Louis Grignon

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Louis Grignon (August 15, 1748 – December 25, 1825) was a général de brigade of the second Infernal Column of the French Republic's army during the French Revolution and Reign of Terror, and one of those involved with the latter event's massacres during the Vendée rebellion. Most infamously, he had ordered to his troops that "everyone they met was to be immediately killed, even if they were Republicans", as a result of his own men having an immense amount of bloodlust.[1]

Born in Louerre, he first joined the French Royal Army in 1767 as a rifleman for the French Guards. He was a second lieutenant at the time the French Revolution broke out in 1789. In 1792, he acted as the assistant adujant-general in the National Guard at Saumur, before ultimately being promoted a year later on October 12, 1793 during the Height of the Reign of Terror to adjutant-general brigade chief of the army of the coasts of La Rochelle. He was later involved in the Vendeean war on January 1794, where he applied via the second Infernal Column the most genocidal orders from General Louis Marie Turreau. Aug. Chavin later recalled that Grignon ordered that they were to slaughter everyone in Vendee, even those who were Republican patriots, with Joseph Lequino later recalling this in his memoirs.[2] Specific massacres he had personally ordered included the January 22, 1794 massacre of 79 Saint-Aubin-du-Plain individuals via the third Infernal Column, where he repeated exactly the same speech as before, as well as carrying out similar massacres against the parishes of Bressuire and La Flocelliere as well as in between, with Chavin also noting that this particular march burned sustenance.[2] Another massacre he was responsible for was the burning of all villages between La Flocelliere and Les Herbiers, even destroying the grain and fodder that were to be seized, with the Mayor of Fontenay-le-Comte at the time, Mariteau, attempted to talk Turreau out of this action.[3] Yet another massacre he was responsible for was the January 26 massacre of Cerizay, which Grignon boasted that he slaughtered 300 people in the village as well as those in between, which included women and children.[4] He also was responsible for the massacre at Le Boupère on January 28, which entailed ordering for 19 prisoners to be shot, as well as the January 30 Pouzauges massacre, which he had 30 Vendee prisoners killed in the dungeon of the castle by his men, and also ordering them to be raped immediately beforehand.[5] He also was responsible for the April 9 Saint-Lambert-du-Lattay and Gonnord massacres, which he admitted that he killed many people there.[6] He was later promoted to Major General on April 14, although he was later arrested and suspended two days after the promotion. Despite this and his various war crimes in Vendee, he was ultimately allowed to resume his duties on October 25, 1970 and continued his service until retiring on June 28, 1810. He eventually died on Christmas Day of 1825 at Angoulême.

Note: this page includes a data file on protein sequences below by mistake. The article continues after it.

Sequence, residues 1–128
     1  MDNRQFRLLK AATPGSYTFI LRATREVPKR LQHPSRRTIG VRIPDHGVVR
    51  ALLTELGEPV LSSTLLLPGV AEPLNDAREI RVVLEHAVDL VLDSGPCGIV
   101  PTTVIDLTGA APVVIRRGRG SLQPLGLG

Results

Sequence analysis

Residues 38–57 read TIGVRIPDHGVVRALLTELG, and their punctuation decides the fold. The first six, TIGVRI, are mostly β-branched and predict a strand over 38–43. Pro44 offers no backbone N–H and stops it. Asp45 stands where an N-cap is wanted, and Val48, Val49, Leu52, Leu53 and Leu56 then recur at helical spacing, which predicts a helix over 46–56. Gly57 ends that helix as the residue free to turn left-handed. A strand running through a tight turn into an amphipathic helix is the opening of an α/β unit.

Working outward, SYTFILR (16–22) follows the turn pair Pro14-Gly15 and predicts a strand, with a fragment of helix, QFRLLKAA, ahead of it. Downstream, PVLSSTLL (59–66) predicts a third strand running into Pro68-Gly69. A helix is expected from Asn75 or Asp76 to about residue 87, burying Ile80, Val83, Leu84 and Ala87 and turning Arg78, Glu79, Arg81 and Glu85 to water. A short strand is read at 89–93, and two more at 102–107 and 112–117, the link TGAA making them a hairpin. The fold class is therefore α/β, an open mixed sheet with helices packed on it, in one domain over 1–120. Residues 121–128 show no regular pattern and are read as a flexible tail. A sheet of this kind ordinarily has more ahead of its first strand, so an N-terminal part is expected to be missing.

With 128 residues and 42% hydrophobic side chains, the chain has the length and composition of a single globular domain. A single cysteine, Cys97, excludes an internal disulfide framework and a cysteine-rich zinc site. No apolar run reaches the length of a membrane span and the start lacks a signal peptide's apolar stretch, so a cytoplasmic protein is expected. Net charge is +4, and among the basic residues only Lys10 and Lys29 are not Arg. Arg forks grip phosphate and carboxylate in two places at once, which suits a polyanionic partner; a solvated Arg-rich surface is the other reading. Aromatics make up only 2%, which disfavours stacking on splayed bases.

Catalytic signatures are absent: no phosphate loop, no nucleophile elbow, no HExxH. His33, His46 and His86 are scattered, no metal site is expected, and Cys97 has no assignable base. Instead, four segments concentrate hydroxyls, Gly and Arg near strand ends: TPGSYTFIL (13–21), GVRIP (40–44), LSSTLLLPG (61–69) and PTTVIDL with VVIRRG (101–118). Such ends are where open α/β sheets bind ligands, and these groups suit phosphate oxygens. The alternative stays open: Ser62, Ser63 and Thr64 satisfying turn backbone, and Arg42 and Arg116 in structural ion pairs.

Notes and references

  1. von Kuehnelt-Leddihn, Erik (October 1989). "Operation Parricide: Sade, Robespierre & the French Revolution". Fidelity magazine. Retrieved from Culture Wars website on May 22, 2015.
  2. 2.0 2.1 Nicolas Delahaye et Pierre-Marie Gaborit, Les 12 Colonnes infernales de Turreau, p. 104-105.